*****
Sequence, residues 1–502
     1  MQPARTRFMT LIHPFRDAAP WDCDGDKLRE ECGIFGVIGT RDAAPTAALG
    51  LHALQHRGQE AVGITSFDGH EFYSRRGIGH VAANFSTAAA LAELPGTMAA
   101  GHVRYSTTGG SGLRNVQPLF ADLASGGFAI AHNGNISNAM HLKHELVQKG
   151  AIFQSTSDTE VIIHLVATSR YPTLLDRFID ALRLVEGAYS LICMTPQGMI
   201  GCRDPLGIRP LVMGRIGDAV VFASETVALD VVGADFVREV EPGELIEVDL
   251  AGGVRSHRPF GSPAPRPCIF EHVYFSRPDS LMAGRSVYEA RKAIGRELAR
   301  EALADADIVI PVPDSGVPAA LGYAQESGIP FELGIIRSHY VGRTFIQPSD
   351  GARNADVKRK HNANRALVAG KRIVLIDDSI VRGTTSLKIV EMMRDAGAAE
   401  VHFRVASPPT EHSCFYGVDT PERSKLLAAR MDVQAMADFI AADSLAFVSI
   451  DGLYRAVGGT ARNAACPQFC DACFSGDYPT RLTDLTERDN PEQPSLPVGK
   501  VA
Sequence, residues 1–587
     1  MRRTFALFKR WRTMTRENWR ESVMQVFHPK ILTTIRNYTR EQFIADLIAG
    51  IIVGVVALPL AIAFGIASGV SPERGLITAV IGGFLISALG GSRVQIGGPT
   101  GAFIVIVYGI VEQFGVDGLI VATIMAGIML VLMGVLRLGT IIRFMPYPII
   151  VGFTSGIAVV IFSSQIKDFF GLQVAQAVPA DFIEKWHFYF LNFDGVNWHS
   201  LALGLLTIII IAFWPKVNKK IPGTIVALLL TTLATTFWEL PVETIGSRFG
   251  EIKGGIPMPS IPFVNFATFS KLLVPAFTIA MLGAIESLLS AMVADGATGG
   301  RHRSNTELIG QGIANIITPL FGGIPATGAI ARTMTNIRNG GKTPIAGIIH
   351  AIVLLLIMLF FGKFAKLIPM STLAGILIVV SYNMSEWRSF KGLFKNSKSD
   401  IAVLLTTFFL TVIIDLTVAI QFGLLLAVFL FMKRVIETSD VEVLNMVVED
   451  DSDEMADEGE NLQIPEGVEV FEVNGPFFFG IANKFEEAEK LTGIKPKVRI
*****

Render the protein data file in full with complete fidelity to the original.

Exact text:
Sequence, residues 1–502
     1  MQPARTRFMT LIHPFRDAAP WDCDGDKLRE ECGIFGVIGT RDAAPTAALG
    51  LHALQHRGQE AVGITSFDGH EFYSRRGIGH VAANFSTAAA LAELPGTMAA
   101  GHVRYSTTGG SGLRNVQPLF ADLASGGFAI AHNGNISNAM HLKHELVQKG
   151  AIFQSTSDTE VIIHLVATSR YPTLLDRFID ALRLVEGAYS LICMTPQGMI
   201  GCRDPLGIRP LVMGRIGDAV VFASETVALD VVGADFVREV EPGELIEVDL
   251  AGGVRSHRPF GSPAPRPCIF EHVYFSRPDS LMAGRSVYEA RKAIGRELAR
   301  EALADADIVI PVPDSGVPAA LGYAQESGIP FELGIIRSHY VGRTFIQPSD
   351  GARNADVKRK HNANRALVAG KRIVLIDDSI VRGTTSLKIV EMMRDAGAAE
   401  VHFRVASPPT EHSCFYGVDT PERSKLLAAR MDVQAMADFI AADSLAFVSI
   451  DGLYRAVGGT ARNAACPQFC DACFSGDYPT RLTDLTERDN PEQPSLPVGK
   501  VA
Sequence, residues 1–587
     1  MRRTFALFKR WRTMTRENWR ESVMQVFHPK ILTTIRNYTR EQFIADLIAG
    51  IIVGVVALPL AIAFGIASGV SPERGLITAV IGGFLISALG GSRVQIGGPT
   101  GAFIVIVYGI VEQFGVDGLI VATIMAGIML VLMGVLRLGT IIRFMPYPII
   151  VGFTSGIAVV IFSSQIKDFF GLQVAQAVPA DFIEKWHFYF LNFDGVNWHS
   201  LALGLLTIII IAFWPKVNKK IPGTIVALLL TTLATTFWEL PVETIGSRFG
   251  EIKGGIPMPS IPFVNFATFS KLLVPAFTIA MLGAIESLLS AMVADGATGG
   301  RHRSNTELIG QGIANIITPL FGGIPATGAI ARTMTNIRNG GKTPIAGIIH
   351  AIVLLLIMLF FGKFAKLIPM STLAGILIVV SYNMSEWRSF KGLFKNSKSD
   401  IAVLLTTFFL TVIIDLTVAI QFGLLLAVFL FMKRVIETSD VEVLNMVVED
   451  DSDEMADEGE NLQIPEGVEV FEVNGPFFFG IANKFEEAEK LTGIKPKVRI